A few weeks ago I posted an opinion that tape backups are dead – and that generated some feedback telling me I was plain wrong. For better or worse, I’m sticking with another “is dead” mantra: raid (particularlly, raid 5).
Now, in all reality RAID5 isn’t dead. But you shouldn’t be using it. The meat of why is here, in an old piece at ZDNet. Now, let’s dive into why.
The main concept behind RAID5 is that in a disk set, an extra disk is used for storing parity information. The parity information is actually stored across all of the disks, not just on a single disk. The main idea behind this is that any disk can fail in the set, and the set can continue on. Once the failure is noticed, an extra disk can be brought into the set (usually automatically by modern SAN devices) and rebuild the extra parity information.
The problem is that this rebuild takes time. A lot of time, for today’s modern disks. And disk failure rates are fairly high to begin with. So, statistically, there’s a somewhat good likelihood of a secondary disk failure during the parity rebuild of the first disk. And if that happens, you are in for a really bad day. Wikipedia says it best:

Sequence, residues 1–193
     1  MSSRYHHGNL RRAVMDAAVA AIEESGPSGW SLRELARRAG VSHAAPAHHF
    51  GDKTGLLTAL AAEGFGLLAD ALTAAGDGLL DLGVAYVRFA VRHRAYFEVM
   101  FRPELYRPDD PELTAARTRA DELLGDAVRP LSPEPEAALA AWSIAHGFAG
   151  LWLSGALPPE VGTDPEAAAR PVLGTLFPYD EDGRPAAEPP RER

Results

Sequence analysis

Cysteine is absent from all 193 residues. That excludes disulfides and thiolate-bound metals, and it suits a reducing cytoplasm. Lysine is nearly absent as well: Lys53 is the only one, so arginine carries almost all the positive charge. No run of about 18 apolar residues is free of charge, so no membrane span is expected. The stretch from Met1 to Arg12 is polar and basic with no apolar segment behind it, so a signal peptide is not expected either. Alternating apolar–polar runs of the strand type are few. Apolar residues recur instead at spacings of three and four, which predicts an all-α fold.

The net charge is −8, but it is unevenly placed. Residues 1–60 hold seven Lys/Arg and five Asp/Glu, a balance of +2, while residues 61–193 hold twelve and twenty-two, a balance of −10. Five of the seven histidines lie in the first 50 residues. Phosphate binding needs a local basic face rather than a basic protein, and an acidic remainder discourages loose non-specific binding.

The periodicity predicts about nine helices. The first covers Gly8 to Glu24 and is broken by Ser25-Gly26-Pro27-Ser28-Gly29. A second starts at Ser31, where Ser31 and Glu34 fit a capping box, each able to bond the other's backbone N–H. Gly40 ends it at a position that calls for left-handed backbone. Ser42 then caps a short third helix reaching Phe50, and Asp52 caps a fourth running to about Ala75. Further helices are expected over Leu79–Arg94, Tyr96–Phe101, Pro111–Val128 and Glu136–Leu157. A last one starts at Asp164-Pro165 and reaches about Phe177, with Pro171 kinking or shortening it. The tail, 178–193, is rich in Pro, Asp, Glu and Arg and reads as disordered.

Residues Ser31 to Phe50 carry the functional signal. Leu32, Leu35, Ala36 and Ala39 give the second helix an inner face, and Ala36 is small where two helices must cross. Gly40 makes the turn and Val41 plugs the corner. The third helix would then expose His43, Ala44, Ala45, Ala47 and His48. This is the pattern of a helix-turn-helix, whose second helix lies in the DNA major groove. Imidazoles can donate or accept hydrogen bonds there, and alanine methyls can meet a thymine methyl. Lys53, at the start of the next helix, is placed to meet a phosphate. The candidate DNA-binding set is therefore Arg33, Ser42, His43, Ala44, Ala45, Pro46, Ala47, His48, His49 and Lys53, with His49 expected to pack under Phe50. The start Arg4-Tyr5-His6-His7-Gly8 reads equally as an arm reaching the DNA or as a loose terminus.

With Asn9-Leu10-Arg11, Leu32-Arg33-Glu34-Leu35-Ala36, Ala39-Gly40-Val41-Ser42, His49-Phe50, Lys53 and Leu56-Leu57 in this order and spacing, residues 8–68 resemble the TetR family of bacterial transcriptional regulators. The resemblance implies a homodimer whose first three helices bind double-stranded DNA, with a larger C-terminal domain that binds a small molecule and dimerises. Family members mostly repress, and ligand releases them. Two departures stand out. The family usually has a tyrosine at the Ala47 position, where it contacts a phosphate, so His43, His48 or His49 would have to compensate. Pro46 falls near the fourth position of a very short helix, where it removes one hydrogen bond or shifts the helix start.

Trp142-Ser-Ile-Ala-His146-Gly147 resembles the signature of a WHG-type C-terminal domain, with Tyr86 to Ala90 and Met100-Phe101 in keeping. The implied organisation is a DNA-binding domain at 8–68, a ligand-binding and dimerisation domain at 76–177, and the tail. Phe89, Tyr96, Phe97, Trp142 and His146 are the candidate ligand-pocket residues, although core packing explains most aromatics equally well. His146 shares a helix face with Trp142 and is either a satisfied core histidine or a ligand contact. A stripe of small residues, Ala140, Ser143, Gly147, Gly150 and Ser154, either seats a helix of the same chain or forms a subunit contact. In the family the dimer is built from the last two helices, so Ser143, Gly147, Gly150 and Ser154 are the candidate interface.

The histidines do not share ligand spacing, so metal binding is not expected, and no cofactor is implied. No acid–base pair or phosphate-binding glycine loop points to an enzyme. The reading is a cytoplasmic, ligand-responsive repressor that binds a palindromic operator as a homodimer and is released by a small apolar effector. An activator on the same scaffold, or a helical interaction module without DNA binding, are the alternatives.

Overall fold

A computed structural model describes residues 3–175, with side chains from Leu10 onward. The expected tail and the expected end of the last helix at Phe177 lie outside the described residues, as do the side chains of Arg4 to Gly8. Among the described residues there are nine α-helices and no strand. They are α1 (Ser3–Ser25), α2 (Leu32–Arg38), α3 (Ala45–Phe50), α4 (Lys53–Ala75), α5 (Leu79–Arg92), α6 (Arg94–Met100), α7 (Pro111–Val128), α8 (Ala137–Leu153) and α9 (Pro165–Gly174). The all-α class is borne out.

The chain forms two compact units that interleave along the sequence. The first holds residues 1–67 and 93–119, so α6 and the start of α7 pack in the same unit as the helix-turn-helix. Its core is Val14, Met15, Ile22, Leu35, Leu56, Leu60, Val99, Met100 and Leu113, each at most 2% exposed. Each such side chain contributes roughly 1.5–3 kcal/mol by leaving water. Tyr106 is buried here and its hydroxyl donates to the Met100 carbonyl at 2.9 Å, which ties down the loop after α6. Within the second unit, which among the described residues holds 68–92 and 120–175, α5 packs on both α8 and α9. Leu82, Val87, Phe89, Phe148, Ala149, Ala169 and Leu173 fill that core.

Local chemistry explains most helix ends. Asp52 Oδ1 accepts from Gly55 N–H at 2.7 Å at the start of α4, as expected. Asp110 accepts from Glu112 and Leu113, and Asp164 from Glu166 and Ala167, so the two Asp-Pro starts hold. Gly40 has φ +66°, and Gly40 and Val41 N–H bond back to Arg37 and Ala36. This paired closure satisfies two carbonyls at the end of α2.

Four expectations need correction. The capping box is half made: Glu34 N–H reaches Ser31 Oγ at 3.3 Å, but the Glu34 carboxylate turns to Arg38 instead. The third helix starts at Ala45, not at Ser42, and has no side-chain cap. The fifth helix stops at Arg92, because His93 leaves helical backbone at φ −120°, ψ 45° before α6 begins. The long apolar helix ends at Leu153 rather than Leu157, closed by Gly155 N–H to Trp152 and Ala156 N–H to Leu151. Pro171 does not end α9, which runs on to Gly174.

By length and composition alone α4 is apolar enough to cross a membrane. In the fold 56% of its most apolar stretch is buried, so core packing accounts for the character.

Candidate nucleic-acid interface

As the number of disks in a RAID 5 group increases, the mean time between failures (MTBF, the reciprocal of the failure rate) can become lower than that of a single disk. This happens when the likelihood of a second disk’s failing out of N − 1 dependent disks, within the time it takes to detect, replace and recreate a first failed disk, becomes larger than the likelihood of a single disk’s failing.
Basically, the more disks there are in a RAID5 set, the better chances there are of two disks failing than just a single disk failing.
Of course, RAID6 is an alternative to RAID5, with yet another an additional disk used for parity storage, so that a two disk failure can be handled. But the same limitations exist as with RAID5: at some point it just won’t be reliable anymore. ZDNet even follows up. The problem still lies in that with increased disk sets and parity striping information, any failure takes a really long time to rebuild from, and that’s when things are most vulnerable.
What are the solutions? Well, for one, you could store the data on multiple RAIDsets – perhaps in completely different SAN units. This adds significantly more storage, but makes reliability much higher. You could just back everything up to tape (kidding!). Or start using a more reliable data store on top of the drives, like ZFS.
There are a lot of options. What are you doing to mitigate data loss?